What why?

A while ago I found an interesting post on the arduino forums about
a guy who made a 8×8 LED panel for his friend to use to visualise when
playing music. So when I was browsing my local thrift-store
I found an old slide viewer (for you kids, it’s an old pre digital way
to take photo’s).

-Hell yeah I thought (but in Swedish) this would look sweet if I mounted
a bunch of LED’s in it. So i bought it for 15 SEK. (1.51 EUR or 1.9 USD)


I have already made almost all of the arduino-code I needed on my
moanonme. Also the 8×8 LED matrix is no mystery to me. If you want to
recreate it it’s dead easy. First you read the shiftout tutorial on
arduino.cc and make one of those a bit more permanent. After that you
make 7 more rows with led’s and connect each row’s gnd to a different
pin on the Arduino. Then with a little bit of code magic you write to
the shift register which led’s that are on on a specific row. that row
being set to “read” in the software forcing that row to be the only one
that is lit. By doing this superfast you’re eye wont notice the difference.

This might sound easy, and it is, unless you do it on a small scale. The
Lens on the slide viewer was only 3*4cm so I needed LED’s that would fit.
I found some green that fitted perfectly. I tried to glue them toghether
first but in the end that was all a big heap of fail. easiest was to use
a perfboard and mount them on that. I used an iDuino board since these are
smaller and thus easier to mount inside the pretty cramped battery
compartment inside the box.

Decimilia used for prototyping

Backside of LED matrix

The 595 chip shiftout for the led’s


There where a few features I wanted of the finished build. I wanted to
easily create sprites/images. And I wanted to be able to controll the
displaying of the images from within Ableton Live. Prefferably as a
MIDI device so I would not have to code yet another VST.

So yep a very tiny little Arduino program which you can get here

So I made a little processing sketch that let’s you draw on your computer
screen and both show it there and on the device. This was as really easy.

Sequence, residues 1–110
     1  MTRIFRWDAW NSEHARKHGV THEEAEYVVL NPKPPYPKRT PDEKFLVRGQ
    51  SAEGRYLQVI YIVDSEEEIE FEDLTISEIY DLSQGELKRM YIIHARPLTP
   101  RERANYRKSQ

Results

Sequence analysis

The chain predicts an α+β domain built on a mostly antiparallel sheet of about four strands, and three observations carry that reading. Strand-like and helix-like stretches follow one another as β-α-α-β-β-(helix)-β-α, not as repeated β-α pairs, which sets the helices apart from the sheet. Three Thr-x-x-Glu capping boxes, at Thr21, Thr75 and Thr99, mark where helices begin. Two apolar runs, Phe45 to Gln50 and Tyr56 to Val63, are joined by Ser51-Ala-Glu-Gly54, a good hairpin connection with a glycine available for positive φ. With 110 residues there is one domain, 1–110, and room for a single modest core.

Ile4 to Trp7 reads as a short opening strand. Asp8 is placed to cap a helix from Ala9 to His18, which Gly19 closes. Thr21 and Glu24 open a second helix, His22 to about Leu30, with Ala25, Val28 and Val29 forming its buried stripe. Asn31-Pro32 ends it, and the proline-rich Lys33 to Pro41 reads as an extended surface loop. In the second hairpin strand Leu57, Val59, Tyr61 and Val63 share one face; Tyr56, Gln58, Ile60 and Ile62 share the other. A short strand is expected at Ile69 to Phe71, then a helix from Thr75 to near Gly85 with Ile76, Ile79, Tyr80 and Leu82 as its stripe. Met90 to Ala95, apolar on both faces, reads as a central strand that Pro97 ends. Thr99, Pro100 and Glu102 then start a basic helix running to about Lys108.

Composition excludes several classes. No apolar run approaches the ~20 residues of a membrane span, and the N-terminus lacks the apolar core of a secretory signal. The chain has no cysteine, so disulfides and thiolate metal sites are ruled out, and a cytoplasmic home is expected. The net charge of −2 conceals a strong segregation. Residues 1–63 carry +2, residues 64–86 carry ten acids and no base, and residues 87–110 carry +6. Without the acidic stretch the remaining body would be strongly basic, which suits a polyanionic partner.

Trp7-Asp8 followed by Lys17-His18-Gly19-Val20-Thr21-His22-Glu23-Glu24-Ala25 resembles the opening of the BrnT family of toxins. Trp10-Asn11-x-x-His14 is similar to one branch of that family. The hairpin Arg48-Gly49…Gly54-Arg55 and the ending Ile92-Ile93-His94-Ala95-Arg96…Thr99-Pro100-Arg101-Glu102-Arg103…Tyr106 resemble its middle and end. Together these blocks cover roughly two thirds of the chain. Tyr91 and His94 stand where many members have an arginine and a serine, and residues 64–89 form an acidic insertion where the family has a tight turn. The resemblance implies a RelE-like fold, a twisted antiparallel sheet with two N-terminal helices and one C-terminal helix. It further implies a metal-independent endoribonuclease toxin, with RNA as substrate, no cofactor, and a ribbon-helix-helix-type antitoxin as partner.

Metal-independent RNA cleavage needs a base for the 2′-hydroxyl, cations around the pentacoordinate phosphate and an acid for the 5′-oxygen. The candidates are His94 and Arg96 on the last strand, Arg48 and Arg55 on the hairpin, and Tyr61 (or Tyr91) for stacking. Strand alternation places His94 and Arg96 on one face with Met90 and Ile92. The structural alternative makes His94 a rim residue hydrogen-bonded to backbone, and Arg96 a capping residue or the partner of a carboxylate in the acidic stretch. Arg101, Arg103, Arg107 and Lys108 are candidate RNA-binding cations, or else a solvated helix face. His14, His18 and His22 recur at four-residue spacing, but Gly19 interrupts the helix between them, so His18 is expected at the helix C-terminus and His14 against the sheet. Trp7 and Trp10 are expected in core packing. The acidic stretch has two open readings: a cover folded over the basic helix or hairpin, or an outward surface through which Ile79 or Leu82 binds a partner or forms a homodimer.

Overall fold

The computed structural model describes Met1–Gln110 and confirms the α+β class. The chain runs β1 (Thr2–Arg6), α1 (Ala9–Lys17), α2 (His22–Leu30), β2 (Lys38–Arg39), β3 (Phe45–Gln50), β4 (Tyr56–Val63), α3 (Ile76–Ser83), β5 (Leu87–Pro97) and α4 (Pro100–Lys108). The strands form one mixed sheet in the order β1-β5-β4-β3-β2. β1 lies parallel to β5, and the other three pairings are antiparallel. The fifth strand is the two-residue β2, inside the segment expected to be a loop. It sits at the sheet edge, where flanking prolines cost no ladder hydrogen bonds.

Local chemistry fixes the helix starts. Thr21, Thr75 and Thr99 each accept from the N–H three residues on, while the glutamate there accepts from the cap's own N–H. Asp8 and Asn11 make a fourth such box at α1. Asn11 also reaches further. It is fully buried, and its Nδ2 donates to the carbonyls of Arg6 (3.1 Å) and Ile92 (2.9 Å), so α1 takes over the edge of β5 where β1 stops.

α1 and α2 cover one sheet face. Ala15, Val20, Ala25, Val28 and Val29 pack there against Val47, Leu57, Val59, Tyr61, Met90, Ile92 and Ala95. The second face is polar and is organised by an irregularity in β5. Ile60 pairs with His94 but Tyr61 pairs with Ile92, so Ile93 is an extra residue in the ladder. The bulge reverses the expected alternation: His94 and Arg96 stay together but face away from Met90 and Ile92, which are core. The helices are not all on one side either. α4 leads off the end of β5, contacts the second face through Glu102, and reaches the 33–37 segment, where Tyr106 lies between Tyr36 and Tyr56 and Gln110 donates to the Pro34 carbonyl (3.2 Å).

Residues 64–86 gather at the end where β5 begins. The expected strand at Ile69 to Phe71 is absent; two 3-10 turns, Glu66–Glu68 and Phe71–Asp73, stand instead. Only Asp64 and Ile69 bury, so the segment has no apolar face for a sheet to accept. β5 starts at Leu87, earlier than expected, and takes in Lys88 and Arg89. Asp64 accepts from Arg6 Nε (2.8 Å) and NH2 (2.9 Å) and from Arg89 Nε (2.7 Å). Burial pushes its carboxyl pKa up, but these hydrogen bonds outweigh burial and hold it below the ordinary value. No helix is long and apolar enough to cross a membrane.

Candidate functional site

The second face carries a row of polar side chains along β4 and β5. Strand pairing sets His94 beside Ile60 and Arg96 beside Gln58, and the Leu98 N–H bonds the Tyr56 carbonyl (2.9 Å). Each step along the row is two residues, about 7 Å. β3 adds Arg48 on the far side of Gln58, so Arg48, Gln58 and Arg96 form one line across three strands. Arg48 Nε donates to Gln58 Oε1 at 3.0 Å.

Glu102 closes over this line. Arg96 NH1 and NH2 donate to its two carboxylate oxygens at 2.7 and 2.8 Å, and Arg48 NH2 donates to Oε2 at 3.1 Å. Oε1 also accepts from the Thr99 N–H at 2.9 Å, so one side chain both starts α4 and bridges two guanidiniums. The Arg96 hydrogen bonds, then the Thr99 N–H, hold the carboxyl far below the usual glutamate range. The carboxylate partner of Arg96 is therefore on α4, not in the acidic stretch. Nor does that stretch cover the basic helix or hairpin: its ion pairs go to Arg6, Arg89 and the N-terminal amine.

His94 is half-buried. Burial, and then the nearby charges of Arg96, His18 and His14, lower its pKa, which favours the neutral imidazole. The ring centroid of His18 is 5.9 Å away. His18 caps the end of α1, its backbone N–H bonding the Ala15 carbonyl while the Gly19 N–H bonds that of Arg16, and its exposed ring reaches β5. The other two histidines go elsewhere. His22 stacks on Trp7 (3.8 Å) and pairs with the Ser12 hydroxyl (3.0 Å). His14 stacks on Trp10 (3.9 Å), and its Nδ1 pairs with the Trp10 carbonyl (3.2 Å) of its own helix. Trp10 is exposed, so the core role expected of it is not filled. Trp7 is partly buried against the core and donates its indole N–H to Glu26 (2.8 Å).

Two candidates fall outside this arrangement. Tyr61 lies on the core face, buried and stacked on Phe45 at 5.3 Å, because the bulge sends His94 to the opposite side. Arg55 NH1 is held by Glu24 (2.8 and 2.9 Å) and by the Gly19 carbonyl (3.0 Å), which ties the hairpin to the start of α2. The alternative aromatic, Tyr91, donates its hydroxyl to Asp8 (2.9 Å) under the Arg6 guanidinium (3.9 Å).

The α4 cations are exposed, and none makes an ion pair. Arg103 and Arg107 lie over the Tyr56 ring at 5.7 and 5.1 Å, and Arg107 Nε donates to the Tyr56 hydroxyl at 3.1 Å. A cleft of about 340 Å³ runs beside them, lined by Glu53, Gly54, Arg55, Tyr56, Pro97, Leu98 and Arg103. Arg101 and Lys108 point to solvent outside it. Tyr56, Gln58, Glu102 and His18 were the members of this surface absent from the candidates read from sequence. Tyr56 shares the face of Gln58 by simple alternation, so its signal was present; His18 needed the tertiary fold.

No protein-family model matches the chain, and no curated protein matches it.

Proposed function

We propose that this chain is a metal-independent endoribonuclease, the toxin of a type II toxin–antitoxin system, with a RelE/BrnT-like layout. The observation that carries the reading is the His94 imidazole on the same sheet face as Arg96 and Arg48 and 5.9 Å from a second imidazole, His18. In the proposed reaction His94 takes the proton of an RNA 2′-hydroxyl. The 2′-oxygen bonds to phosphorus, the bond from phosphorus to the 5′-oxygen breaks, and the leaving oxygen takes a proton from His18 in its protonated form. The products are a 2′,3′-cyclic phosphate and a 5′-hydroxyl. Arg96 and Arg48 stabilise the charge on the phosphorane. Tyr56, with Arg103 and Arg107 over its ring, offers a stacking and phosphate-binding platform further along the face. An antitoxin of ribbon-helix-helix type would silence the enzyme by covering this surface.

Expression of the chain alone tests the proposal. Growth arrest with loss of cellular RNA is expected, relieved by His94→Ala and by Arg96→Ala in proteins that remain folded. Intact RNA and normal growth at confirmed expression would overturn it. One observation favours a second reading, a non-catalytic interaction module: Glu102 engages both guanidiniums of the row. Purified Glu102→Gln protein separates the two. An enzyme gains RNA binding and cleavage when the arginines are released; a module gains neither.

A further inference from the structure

Press 2 to paint, 3 to erase and 1 to print the image in data format so
I can copy-paste it to a server program. I choose to print the data in a
human readable/modifiable code so I could change it without the program if
I wanted to.

Here it is if you want to play with it: opalpainter.pde (you’ll need

So to the serverside. Easypeasy aswell as always with processing, chose
another type of visualisation though. It all worked well until I tried
to get any of the MIDI processing solutions to work. fail fail fail.
It works though, and here it is for your playing fun: opalserver.pde
1 and 2 to flip between your images

So in the end I reused stuff from the moanonme project. os x serialport and
MIDI in from a totally own port. Most of this code is not written by me
although I’ve seen that os x serialport stuff on more then five different
places on the internet so I’m not really sure who’s the original author.
Anyways, this program listens to midi-in and tells the arduino to display
graphics I hooked up to the current MIDI note. get it here

The video

What would a build be without a video? nothing, since nobody reads these text’s
of mine that’s what!

Total Cost:

Arduino iDuino 17.82 USD
Diabildsvisare 1.91 USD
LED’s 4.57 USD
some wire and solder 1 USD
Total 25.3

just below 200 SEK, NICE!

One thought on “Opal

  1. Hello,

    This looks like something that will work for what I want – to light an LED on each of a piano when the corresponding not is played via MIDI. If you have something that is better or will work please share with me, I will more than be happy to purchase it.

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